Fitzwilliam Settlers in the United States in the 17th Century


  • T. Fitzwilliam settled in Pennsylvania in 1692

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  • Richard FitzWilliam, 5th Viscount FitzWilliam, an Irish nobleman and politician
  • William Wentworth Fitzwilliam, 2nd Earl Fitzwilliam, British administrator, sent to Ireland as Lord Lieutenant in 1795
  • Viscount Richard Fitzwilliam (1745-1816), 7th Viscount Fitzwilliam of Meryon
  • William Fitzwilliam (1748-1833), British statesman


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The motto was originally a war cry or slogan. Mottoes first began to be shown with arms in the 14th and 15th centuries, but were not in general use until the 17th century. Thus the oldest coats of arms generally do not include a motto. Mottoes seldom form part of the grant of arms: Under most heraldic authorities, a motto is an optional component of the coat of arms, and can be added to or changed at will; many families have chosen not to display a motto.

Motto: Appetitus rationi pareat
Motto Translation: Let your desires obey your reason.

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  1. Passenger Lists of Vessels Arriving at Galveston Texas 1896-1951. National Archives Washington DC. Print.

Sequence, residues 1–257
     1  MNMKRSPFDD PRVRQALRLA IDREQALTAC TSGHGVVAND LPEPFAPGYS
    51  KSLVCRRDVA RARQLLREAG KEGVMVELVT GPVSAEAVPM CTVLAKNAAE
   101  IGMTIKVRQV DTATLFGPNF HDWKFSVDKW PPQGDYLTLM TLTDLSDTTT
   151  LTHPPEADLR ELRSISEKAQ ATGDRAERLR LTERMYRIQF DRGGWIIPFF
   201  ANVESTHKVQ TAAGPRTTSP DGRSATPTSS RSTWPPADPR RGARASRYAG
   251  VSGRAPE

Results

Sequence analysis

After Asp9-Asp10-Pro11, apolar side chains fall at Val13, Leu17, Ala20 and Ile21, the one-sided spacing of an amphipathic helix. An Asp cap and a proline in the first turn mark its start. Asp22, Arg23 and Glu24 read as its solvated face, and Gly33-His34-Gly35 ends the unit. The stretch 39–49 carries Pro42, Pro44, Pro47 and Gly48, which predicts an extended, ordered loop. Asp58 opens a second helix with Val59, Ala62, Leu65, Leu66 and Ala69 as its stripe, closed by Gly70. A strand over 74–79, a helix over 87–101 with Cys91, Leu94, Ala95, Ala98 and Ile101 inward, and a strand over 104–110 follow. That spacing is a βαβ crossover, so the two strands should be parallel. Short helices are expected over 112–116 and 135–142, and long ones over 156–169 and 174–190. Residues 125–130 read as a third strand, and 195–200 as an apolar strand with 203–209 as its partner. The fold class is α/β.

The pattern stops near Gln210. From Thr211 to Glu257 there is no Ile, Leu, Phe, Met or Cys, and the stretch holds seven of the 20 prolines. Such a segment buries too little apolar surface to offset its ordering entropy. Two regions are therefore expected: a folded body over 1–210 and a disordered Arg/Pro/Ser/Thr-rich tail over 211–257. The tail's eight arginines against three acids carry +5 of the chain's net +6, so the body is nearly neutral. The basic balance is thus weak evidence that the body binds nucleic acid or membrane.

2. Burke, Sir Bernard. General Armory Of England, Scotland, Ireland and Wales. Ramsbury: Heraldry Today. Print.
  3. Markale, J. Celtic Civilization. London: Gordon & Cremonesi, 1976. Print.
  4. Cook, Chris. English Historical Facts 1603-1688. London: MacMillan, 1980. Print.
  5. Williams, Dr Ann. And G.H. Martin . Domesday Book A Complete Translation. London: Penguin, 1992. Print. (ISBN 0-141-00523-8).
  6. Lennard, Reginald. Rural England 1086-1135 A Study of Social and Agrarian Conditions. Oxford: Clarendon Press, 1959. Print.
  7. Crispin, M. Jackson and Leonce Mary. Falaise Roll Recording Prominent Companions of William Duke of Normandy at the Conquest of England. Baltimore: Genealogical Publishing. Print.
  8. Matthews, John. Matthews' American Armoury and Blue Book. London: John Matthews, 1911. Print.
  9. Colletta, John P. They Came In Ships. Salt Lake City: Ancestry, 1993. Print.
  10. Samuelsen, W. David. New York City Passenger List Manifests Index 1820 - 1824. North Salt Lake, Utah: Accelerated Indexing Systems International, 1986. Print.
  11. ...

The Fitzwilliam Family Crest was acquired from the Houseofnames.com archives. The Fitzwilliam Family Crest was drawn according to heraldic standards based on published blazons. We generally include the oldest published family crest once associated with each surname.

This page was last modified on 5 September 2013 at 13:11.